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It seemed like not paying for that checked bag was a good idea in theory… until you actually began packing. Your sunblock is more than 100 ml, you can’t bring all of your cute sandals and your jacket takes up over half of your carry-on.
If you’ve been affected by packing anxiety, especially when flying low-cost, you’re not alone. The stress of squeezing everything into one small bag without going over weight and size requirements is enough to put a damper on travel, not to mention the other stressors that go along with flying low-cost, like long lines, limited personal space and unhelpful staff.
But following these tips will help make sure your packing experience is a little less overwhelming, especially when flying a low-cost carrier with strict baggage rules.
1. Know the Requirements
Knowing exactly what you can bring on board is half the battle. Note luggage restrictions when booking your ticket, and review them again before you begin to pack. The most important things to know are:
- Amount of bags: Can you bring an additional personal item?
- Bag size (be prepared to shove it in the luggage sizer if asked)
- Bag weight
For a list of carry-on baggage rules for some of Europe’s most popular low-cost carriers, see this post.
2. Utilize Your Personal Item Wisely
Many people bring a small purse or bag as their personal item. However, few airlines share their size requirement for your personal item, or have a vague explanation, such as it must fit under the seat or it must be a purse, backpack, laptop case, briefcase, etc.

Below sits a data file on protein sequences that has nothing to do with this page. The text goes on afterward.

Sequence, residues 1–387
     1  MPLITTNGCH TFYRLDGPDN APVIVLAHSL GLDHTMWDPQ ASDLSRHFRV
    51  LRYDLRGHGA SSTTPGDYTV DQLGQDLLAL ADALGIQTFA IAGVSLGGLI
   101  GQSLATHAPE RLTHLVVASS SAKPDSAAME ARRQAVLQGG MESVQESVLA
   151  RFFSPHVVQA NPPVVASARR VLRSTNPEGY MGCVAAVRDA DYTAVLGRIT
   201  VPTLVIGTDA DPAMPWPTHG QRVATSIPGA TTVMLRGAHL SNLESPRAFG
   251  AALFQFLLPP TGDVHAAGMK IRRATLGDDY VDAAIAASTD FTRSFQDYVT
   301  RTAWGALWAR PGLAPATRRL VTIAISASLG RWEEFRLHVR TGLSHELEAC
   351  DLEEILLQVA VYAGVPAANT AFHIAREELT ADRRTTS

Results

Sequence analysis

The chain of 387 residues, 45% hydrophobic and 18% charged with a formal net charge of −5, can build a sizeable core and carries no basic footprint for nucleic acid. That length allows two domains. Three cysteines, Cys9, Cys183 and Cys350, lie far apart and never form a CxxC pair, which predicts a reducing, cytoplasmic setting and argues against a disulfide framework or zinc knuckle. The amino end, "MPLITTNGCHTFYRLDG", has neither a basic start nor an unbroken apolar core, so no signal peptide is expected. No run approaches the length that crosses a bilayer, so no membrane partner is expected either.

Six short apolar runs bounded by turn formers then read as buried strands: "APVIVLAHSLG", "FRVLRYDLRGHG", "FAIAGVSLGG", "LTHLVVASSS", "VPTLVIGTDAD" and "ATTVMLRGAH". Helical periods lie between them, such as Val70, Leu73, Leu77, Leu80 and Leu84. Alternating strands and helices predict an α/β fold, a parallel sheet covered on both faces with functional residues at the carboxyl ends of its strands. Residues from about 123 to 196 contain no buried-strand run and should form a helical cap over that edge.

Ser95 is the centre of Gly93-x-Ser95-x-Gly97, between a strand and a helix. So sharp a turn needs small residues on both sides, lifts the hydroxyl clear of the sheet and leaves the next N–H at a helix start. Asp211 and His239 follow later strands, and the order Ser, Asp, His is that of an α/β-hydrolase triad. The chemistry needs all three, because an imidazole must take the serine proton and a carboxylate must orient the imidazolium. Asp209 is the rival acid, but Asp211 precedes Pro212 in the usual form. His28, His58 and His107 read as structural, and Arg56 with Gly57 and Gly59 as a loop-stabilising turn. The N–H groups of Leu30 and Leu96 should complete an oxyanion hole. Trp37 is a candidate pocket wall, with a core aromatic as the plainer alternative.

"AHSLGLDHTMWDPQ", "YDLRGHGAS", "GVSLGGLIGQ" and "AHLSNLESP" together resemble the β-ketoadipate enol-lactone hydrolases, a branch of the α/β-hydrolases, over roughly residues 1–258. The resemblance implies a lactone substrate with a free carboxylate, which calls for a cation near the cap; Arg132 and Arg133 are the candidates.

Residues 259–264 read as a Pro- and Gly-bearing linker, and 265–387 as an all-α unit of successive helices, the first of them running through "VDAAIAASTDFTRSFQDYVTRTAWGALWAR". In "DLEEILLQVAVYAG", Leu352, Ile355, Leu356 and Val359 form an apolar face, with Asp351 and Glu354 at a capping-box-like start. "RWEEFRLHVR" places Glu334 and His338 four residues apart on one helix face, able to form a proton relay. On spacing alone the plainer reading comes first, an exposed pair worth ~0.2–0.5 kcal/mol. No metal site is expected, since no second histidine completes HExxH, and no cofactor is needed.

Take advantage of your personal item, and make sure to bring one if allowed. Instead of a smaller purse, bring a backpack or a larger case if you need more space. Typically, personal items shouldn’t be bags with wheels, but if you can sling it over your shoulder or carry it on your back, it shouldn’t cause an issue, assuming the size is within reason. Just adhere to the general requirements, but try to utilize your extra space well.
3. Plan Ahead
Planning your outfits and packing in advance can ensure you’ll fit everything you want into just a carry-on. Knowing exactly what you’ll be wearing means you won’t pack extraneous items, and if you pack ahead, you have time to test the waters to see if everything you want to bring fits. If not, you can take things out and start over.
If you wait until the very last minute to pack, it’s likely you’ll be rushed. You may overpack or forget the essentials. With a little planning and organization, you’ll be sure to bring everything you need, fitting it perfectly into your carry-on.
4. Use a Luggage Scale and Tape Measure
Before even starting to pack your suitcase, measure it first to make sure it adheres to the sizing requirements. When done packing, weigh it to see if it goes over any weight requirements. If you frequently travel with the same airline, it may be worth purchasing a carry-on bag that fits its sizing requirements so you always know it works.
5. Get Packing Cubes
Packing cubes help save space and keep your luggage organized. Plus, if your bag gets opened at security (here’s looking at you, London airports), your items won’t spill out all over the place. Compression packing cubes can even help you fit more items in your bag, sucking the air out to make room for more things.
6. Manage Your Liquids